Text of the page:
A Middle East and trade expert does not believe that stepping away from the Iran nuclear deal is going to get the United States where it wants to go, which is the negotiating table.
“Let’s keep in mind that this is an administration, that in taking that extreme stance that this is a horrible deal, I’m tearing it up or I’m going to tear it up, unless you agree to my demands, that strategy has failed every single time, except one minor instance, with the Korea-U.S. free trade agreement,” said Raj Bhala, the Brennesein Distinguished Professor at the University of Kansas Law School, and a Senior Advisor at Dentons. “That is the only deal which the administration has successfully renegotiated and the terms that it renegotiated were rather simple and easy.”
There are several deals still out there to do, in addition to the Iran nuclear deal.
“It’s not done NAFTA, it’s not redone TPP, it’s not redone Paris,” said Bhala. “Show me how this is working. I don’t hold a lot of optimism for the United States to renegotiate this Iran deal.”
If the comments of the Ayatollah Ali Khamenei can be believed, there are officials in Iran that want to work with the European partners in the agreement to allow it to continue, but the Ayatollah has said he does not trust those countries, either.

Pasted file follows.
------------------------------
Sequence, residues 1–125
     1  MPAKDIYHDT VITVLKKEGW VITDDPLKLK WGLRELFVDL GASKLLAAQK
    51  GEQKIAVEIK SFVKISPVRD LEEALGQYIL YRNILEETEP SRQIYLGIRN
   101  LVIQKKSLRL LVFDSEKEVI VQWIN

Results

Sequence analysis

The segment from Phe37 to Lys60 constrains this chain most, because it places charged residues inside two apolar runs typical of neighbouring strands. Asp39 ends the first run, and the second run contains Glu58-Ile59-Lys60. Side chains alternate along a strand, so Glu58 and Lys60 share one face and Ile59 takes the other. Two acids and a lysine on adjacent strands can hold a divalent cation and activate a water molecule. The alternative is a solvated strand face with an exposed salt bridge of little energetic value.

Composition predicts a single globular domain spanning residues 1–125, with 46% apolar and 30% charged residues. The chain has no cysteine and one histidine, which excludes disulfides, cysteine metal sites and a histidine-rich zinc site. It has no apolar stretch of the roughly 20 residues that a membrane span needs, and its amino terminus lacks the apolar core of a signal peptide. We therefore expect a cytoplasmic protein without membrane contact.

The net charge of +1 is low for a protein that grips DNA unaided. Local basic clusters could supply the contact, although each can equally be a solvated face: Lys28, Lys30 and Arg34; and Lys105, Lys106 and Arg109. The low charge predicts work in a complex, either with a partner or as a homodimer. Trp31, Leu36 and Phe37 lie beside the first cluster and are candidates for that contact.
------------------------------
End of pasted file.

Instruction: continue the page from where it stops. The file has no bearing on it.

Ultimately, Bhala sees the rest of the world at work trying to find a way to keep the agreement without the U.S.
“We’ve seen that in TPP,” said Bhala. “It has not stopped the other eleven nations from finalizing TPP. Mexico became the first country to ratify TPP. It’s not stopped the other countries from moving forward on climate change mitigation efforts, including the British government with banning wipes. It’s not going to stop the rest of the world from trying to engage constructively with Iran on nuclear and economic issues.”
Bhala believes that the U.S. is marginalizing itself by choosing to back away from a deal Iran did not violate.